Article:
Stockpiling the Creative
I’m drawing on an ancient narrative for this one, but stick with me, I’m going somewhere with it.
My Jewish friends and family just celebrated Passover, a time of celebration and commemoration of the release of the Jewish nation from slavery in Egypt, thousands of years ago, under the leadership of Moses. God says let my people go, Pharaoh says no, God wipes out every firstborn as the final act of an escalating series of plagues. Those spared, the ones whom the angel of death passed over, had the blood of a lamb smeared on the doorposts. Gruesome stuff and not the tidiest story to reconcile with my theology of love and forgiveness, but try as we do, theology ain’t tidy. Anyways, fast forward to the desert, the escaped Hebrews, likely close to a million strong, are now wandering aimlessly, and hungry. So God provides a food they call Manna, a word meaning “What the heck is this stuff?” Seriously, that’s what it means. Though I doubt the word “heck” is a literal translation.
Manna was a flaky food, and while it’s called bread, it seems that might only have been the closest thing to compare it to. God provides it daily. Enough for everyone. But there’s a catch. With the exception of the Sabbath they’re told they can’t store it. They have to trust that it’ll be there the next day. And the next. And the next. Eat it while you have it, because it turns putrid pretty quick.
I think there are some things in life, intangible things that come to us from beyond ourselves, that are meant to be exercised and used as we’re given them, with no stockpiling allowed. I think faith is like this, whether its object is God or other people. Love too. Hope, certainly. And creativity.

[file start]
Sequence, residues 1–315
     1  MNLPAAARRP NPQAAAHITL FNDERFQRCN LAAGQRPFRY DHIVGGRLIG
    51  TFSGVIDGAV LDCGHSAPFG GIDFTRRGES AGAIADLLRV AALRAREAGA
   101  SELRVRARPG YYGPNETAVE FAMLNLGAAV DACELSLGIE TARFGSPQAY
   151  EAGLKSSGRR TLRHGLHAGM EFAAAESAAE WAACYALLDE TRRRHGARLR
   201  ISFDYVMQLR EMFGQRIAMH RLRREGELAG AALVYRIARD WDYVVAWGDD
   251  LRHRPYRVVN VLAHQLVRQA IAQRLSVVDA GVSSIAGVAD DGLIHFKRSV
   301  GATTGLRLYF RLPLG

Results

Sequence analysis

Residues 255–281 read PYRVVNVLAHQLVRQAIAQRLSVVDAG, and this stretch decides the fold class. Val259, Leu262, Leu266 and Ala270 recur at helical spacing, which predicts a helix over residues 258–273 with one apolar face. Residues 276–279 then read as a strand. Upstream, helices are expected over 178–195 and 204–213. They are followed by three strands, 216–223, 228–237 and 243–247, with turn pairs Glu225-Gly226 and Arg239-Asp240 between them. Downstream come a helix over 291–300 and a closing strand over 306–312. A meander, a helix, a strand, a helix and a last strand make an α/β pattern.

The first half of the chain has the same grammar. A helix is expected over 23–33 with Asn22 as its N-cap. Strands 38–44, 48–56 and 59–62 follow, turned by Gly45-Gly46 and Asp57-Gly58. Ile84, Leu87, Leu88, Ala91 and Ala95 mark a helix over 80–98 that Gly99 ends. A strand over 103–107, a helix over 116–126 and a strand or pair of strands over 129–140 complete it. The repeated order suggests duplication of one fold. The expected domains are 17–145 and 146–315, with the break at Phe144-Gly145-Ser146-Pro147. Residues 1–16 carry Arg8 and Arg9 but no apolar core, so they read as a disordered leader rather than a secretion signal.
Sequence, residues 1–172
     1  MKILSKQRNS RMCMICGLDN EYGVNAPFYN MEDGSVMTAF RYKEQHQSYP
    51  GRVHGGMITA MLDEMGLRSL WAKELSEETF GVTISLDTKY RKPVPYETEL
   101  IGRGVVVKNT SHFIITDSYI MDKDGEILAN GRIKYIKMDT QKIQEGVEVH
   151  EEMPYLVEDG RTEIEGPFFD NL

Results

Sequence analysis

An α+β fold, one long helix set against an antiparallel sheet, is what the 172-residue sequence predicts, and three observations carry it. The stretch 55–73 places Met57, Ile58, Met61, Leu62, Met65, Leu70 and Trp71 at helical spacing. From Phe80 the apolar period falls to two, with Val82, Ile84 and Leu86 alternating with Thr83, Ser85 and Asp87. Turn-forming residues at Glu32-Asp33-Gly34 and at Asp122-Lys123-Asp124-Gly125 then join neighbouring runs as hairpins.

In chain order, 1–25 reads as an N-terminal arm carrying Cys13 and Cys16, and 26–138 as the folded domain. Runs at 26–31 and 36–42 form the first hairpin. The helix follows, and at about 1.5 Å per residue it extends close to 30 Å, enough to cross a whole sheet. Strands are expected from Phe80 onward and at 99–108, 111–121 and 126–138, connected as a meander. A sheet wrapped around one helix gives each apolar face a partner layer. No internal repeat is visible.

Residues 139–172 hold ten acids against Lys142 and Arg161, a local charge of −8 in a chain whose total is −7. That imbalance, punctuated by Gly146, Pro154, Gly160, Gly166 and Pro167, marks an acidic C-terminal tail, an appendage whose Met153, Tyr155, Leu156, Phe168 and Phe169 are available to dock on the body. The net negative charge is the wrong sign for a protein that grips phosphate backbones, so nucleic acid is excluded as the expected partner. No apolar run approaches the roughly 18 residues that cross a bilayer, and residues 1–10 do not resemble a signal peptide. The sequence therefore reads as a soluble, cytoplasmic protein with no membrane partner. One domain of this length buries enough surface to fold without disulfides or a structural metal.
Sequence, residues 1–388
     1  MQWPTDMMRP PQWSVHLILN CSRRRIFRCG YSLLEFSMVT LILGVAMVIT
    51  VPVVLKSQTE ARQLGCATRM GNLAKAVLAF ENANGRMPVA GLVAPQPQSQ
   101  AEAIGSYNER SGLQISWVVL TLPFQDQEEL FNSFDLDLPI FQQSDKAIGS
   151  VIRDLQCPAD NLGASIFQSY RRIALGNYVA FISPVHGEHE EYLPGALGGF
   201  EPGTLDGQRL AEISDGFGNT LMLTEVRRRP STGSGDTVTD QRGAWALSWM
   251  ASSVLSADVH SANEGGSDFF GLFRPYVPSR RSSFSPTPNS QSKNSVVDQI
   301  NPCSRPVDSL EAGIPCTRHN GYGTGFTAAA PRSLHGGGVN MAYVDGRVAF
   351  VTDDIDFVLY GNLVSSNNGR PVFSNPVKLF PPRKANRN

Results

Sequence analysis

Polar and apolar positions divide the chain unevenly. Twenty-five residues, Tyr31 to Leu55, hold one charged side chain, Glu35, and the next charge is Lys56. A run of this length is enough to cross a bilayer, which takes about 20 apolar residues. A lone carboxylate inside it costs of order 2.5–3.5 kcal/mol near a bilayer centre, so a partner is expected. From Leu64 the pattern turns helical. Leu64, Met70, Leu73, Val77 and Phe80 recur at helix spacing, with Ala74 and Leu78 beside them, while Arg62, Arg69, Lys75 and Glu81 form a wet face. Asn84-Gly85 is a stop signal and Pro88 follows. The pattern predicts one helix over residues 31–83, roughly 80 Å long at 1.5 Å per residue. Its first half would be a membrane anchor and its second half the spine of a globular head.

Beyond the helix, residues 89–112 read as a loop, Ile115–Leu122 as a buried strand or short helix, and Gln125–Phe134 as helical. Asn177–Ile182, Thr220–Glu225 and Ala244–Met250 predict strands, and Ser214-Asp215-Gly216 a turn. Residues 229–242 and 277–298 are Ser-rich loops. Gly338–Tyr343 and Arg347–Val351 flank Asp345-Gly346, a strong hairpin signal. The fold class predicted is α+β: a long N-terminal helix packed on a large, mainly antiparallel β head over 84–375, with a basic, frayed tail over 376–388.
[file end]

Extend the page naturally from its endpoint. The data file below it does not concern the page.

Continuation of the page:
The more I study creativity, the more sure I am that the study of it leads to more questions than answers. It’s not a process that can be pinned down and dissected. It’s often unpredictable. And it doesn’t store well. We play by its rules or not at all. Creativity’s like manna. It comes from somewhere outside ourselves, a gift, and one that’s meant to be used, every ounce of it, without thought for tomorrow. Don’t pace yourself, don’t stockpile, don’t hoarde it. Creativity grows with the expenditure and shrinks with the hoarding.
So what does this mean to us? It means you don’t write three fluffy books when you can write one killer one. You don’t spread it thin. It means you use up your ideas as you get them. Got an idea that’ll work for this assignment but you were saving it, maybe to use for a personal project down the road? Don’t do it. Use it. Burn it like fuel, it’ll lead to a bigger fire and that personal project later on will take on a whole new life. By all means, save it, treat it like it’s not perishable, but it’ll turn to dust. Good ideas build on each other, lead to new ideas. But keep them in a box and even that idea fades away.
The creative life is about risks, not caution. About now, not later. And it’s about trusting that the creativity will be there when we need it. Don’t hold back.